Type 2 Diabetes (T2D) is increasingly prevalent in the US. 9.4 percent of the population have diabetes, and 26.3 percent have pre-diabetes. However, many patients with T2D find it difficult to self-manage their diabetes. In fact, 45 percent of patients with T2D have not achieved the optimal blood glucose level. In collaboration with Michigan Medicine Department of Family Medicine, I sought to investigate the problem space of diabetes self-management in the hopes of helping patients with T2D engage in diabetes care in their daily lives.
REFELCTION / LESSON LEARNED
I learned that stakeholders should become my lens to explore the context of problem space and I need to constantly expand my understanding by listening to, interacting with, and learning from those people from different backgrounds and perspectives. This process requires humility and sometimes constantly checking my own unconscious bias. I also realized that in such a process the interests and passion that I had for certain topics or compassion that I had toward a certain group of people could prevent me from seeing things from a new or different perspective if I am not cautious about.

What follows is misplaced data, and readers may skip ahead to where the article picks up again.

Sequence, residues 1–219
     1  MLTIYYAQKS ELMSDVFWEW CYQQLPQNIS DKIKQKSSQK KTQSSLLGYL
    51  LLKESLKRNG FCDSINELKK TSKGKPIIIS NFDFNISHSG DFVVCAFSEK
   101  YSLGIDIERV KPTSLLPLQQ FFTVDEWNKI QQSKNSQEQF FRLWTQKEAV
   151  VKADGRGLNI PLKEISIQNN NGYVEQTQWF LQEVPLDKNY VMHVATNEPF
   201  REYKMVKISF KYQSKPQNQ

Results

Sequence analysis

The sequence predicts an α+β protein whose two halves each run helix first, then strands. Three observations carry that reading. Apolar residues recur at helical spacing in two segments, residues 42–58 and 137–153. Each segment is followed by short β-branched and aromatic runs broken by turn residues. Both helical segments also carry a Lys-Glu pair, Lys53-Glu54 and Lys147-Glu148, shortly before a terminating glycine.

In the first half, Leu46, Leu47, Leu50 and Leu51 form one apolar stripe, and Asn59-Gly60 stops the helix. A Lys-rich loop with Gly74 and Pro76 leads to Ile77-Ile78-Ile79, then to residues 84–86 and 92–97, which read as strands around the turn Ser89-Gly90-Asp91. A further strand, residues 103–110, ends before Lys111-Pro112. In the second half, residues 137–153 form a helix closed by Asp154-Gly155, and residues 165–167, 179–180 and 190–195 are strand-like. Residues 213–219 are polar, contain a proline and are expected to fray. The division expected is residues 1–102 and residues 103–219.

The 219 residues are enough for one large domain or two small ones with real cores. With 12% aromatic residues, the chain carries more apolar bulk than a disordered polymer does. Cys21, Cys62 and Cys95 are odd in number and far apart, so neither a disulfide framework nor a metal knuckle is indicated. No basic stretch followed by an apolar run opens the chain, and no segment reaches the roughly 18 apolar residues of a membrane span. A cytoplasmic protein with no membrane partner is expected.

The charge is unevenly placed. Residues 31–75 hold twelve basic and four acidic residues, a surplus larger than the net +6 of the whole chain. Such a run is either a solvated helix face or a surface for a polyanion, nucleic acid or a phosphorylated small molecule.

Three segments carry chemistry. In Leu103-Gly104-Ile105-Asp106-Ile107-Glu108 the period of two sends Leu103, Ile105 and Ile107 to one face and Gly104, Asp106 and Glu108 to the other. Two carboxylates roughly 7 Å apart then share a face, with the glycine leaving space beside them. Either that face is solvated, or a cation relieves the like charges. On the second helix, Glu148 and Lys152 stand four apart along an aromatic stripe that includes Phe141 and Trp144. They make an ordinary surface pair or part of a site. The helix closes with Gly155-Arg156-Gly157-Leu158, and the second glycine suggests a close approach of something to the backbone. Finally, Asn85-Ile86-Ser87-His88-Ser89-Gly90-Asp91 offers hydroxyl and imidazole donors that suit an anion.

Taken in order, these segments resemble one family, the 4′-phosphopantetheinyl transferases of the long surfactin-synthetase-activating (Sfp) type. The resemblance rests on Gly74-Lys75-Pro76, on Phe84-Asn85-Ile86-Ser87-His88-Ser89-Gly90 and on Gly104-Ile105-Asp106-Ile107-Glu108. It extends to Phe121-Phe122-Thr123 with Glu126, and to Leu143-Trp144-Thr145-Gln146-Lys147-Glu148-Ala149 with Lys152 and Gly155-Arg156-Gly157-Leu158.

There were challenges in understanding and interpreting the participants’ views, and opinions in the sense that how they perceive the activities they are doing does not necessarily reflect how they engage with them. For example, one patient commented in her third interview that she started feeling bored about using the self-reflection tools since it had become repetitive. She had been one of the particularly enthusiastic participants who had used the design intervention almost every day. She might not have found the tools that useful although she had faithfully used it. From these experiences, I learned that designers should always be aware of the fact that there can have their own bias and assumptions while interacting with participants, which can prevent them from exploring untapped areas of possible issues they are looking into.